By Chiara Spagnoli Gabardi
There’s long been a debate about real fur vs faux – which is better for the environment?
Those in the ‘real’ camp say there’s no such thing as eco friendly faux fur. They claim that at least animal fur is a renewable resource; that it biodegrades, and that faux fur is made from nasty acrylics and plastics that just end up in landfill.
Those against fur, of course, state that faux fur doesn’t use dead animals for mere fashion; that since animal fur is treated with heavy dyes and chemicals including chromium and formaldehyde (both of which are highly toxic), it actually doesn’t biodegrade so easily. They also argue that the bodies of fur animals are just wasted since they’re not eaten, and that their, poop and blood are dumped into our water systems as waste.
Well, finally, the debate on real vs faux fur is over. And guess what? Faux fur wins! Here’s why.
Eco-friendly faux furs are on the rise
Yes, faux fur IS absolutely the more ecological choice – when it’s made from sustainable materials. And increasingly, that is the case.
Take these designers below, for example. They’re largely using recycled or all-natural materials to get that warm, furry effect – without the killing.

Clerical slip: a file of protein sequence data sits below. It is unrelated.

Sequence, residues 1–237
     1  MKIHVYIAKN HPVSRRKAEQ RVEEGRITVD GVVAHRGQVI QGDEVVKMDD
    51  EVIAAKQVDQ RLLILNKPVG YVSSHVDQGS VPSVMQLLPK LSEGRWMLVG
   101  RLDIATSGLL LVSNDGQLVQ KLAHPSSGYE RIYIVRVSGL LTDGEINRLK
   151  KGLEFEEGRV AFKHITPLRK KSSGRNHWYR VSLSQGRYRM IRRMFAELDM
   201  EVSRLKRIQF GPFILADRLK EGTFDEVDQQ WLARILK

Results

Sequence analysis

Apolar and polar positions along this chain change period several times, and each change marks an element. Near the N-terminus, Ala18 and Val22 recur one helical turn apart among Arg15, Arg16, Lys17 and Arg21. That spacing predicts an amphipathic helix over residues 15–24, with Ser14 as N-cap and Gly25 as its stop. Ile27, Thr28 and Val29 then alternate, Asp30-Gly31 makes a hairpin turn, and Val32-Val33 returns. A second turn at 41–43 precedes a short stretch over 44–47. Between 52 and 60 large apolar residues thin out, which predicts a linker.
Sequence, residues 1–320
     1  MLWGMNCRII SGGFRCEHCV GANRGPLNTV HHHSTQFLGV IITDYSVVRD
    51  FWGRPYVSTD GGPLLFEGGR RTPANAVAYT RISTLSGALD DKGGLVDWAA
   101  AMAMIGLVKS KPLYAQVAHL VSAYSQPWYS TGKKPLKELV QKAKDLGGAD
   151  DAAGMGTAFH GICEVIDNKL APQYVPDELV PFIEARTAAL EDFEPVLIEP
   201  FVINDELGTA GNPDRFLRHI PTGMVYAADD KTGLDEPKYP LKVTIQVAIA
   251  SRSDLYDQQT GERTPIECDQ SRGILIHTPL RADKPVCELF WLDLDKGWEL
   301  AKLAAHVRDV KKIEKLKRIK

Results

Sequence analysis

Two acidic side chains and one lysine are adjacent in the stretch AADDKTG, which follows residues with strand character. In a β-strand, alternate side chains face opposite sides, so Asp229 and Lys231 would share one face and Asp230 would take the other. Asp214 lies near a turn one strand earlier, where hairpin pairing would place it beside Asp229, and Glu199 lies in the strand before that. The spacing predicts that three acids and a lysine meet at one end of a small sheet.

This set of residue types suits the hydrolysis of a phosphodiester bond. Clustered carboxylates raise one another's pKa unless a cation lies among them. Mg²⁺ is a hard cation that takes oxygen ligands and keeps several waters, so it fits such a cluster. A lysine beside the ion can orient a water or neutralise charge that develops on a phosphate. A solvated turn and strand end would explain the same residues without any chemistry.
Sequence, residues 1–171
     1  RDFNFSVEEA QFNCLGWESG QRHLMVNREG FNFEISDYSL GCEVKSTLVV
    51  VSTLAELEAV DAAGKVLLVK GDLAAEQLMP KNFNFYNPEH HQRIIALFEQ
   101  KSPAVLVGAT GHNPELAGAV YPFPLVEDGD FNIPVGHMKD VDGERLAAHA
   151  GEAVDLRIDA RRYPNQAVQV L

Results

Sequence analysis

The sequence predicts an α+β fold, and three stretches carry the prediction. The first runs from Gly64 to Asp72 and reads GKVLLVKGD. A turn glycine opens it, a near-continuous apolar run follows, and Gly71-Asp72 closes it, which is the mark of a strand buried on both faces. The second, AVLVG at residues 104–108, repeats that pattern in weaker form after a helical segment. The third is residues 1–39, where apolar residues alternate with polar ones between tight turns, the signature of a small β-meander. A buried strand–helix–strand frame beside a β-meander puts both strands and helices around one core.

The transition from real fur to artificial fur was bound to happen, given the increasing amount of investment and research in this field. For example, the French Faux Fur Institute’s Open Fur design contest encourages design students to work with recycled fabrics and sustainable materials to create new forms of faux fur, such as that created from recycled bottles or cotton fibres.
Those cruelty-free fur designs are especially popular with younger consumers – new data reveals millennials don’t want to purchase from companies that harm the planet. In fact, young people in their thirties and below consider sustainability a main issue in their lifestyles, whether it concerns what they eat, how they dress or what means of transportation they use.